Sunday, November 30, 2014

PALEOGRAPHY

This semester I am studying handwriting -
         especially old handwriting and scripts.

First we studied the whole idea of writing. How it developed and some of the history. Remember my clay tablet? That was a bit of fun to start the semester.


We learned about things to write with, and things to write on, and even the mediums used such as impressing marks in clay or wax, painting on rice paper with different brushes and inks, or perhaps a reed pen on papyrus, and all the ways pens and inks have evolved. Some in the class even made their own quill pens and inks. Here is a how to link from Youtube with lots of fun pictures of real old stuff .

We began with some fairly modern 'hands,' or 'scripts' as they are known, and are working our way back in time. Week by week we study the many different ways people learn to write.


It was easy to recognize Palmer and Spencerian scripts. These hands are fairly familiar to us in our time, and even when we tell someone their writing looks like "chicken scratching" we can usually make out some sense of what they wrote.

Famous examples of the flourished Spencerian Script are the Ford and CocaCola logos.

Copperplate Roundhand
 Next we learned Copperplate-Roundhand. That was more intense and required some attention to detail. Most difficult is to be presented with images of various hands and need to identify them by only looking at them, and define them, and state the years they were used - yes, stressful but fun, nevertheless. I still must look very carefully to discern the difference between such hands.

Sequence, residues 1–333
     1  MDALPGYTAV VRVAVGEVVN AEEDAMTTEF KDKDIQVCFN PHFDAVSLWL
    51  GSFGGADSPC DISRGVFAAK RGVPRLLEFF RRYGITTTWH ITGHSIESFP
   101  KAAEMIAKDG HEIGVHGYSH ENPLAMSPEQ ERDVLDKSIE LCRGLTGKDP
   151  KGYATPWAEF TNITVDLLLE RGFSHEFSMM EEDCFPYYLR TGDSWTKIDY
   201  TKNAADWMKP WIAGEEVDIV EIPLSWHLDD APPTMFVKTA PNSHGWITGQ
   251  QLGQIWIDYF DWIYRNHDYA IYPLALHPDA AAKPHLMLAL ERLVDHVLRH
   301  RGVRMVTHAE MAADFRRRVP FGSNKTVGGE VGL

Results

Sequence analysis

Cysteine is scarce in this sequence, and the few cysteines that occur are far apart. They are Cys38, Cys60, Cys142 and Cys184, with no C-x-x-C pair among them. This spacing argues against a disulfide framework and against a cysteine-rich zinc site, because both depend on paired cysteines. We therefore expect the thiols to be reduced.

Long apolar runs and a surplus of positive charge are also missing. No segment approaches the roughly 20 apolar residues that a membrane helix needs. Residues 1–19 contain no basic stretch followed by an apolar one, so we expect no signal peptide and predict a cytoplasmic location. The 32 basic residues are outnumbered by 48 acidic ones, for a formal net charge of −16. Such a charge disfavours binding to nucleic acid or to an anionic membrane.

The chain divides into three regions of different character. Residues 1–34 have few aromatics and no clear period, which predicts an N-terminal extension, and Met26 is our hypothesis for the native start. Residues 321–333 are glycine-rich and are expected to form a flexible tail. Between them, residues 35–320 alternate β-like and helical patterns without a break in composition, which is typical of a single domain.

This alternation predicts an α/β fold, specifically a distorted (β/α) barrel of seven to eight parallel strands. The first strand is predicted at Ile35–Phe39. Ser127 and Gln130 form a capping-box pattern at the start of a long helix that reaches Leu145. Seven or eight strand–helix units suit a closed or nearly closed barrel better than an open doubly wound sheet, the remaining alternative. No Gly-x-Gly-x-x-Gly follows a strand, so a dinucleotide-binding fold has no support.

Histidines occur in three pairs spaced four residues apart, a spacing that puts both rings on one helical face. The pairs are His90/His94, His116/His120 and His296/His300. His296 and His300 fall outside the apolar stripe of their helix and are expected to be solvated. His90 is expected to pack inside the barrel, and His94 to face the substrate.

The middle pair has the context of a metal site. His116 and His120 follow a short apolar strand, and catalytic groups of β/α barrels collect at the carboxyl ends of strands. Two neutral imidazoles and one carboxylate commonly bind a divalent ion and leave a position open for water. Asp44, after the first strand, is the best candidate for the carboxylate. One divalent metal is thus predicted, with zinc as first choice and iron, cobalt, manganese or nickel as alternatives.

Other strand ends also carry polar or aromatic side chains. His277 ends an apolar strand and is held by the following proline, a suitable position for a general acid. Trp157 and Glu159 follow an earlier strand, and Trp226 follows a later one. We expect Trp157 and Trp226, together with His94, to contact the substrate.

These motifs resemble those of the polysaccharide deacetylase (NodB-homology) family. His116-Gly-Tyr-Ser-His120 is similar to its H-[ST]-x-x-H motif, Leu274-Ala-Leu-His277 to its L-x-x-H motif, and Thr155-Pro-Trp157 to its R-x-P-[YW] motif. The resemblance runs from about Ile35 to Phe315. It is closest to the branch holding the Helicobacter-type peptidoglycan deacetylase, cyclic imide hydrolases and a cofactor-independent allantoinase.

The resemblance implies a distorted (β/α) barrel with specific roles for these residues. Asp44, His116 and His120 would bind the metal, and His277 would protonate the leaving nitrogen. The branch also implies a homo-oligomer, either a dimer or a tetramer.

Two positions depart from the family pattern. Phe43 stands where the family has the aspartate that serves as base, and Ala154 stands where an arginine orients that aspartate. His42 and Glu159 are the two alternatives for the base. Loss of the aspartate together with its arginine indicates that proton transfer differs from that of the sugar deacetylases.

Our lessons have many hints about how to write each script, provide alphabets, and lined practice sheets like I used in elementary school.

The hints are generally of the following nature: "A fast way to learn copperplate script is to write the capital and lower case letters one hundred times each with a ball-point pen. Once that is done, you should have each letter imprinted into your brain, hand and eye; then you may find it easier to use a quill or flexible steel nib when you begin emphasizing the downstrokes by slight pressure increase" (because the main way to tell Spencerain and Copperplate apart is the heavier, wider down stroke in Copperplate).

Did I write letters EACH 100 times?
Are you kidding me?
I did one line each, game over!

Secretary Hand


We moved on to a variety of scripts and I actually enjoyed Secretary Hand (above). Great-Grandpa Henry Bohne wrote in a similar hand and Aunt LuRay, his daughter, taught me how to read it.

The class as a whole complained a bit. It is a difficult script for many to learn. The National Archives Paleography website has wonderful and fun tutorials and we get to spend time 'playing' there. I thought it was great fun to read some of an English Queen's personal correspondence.

My best 'Court Hand' practice sheets - as submitted.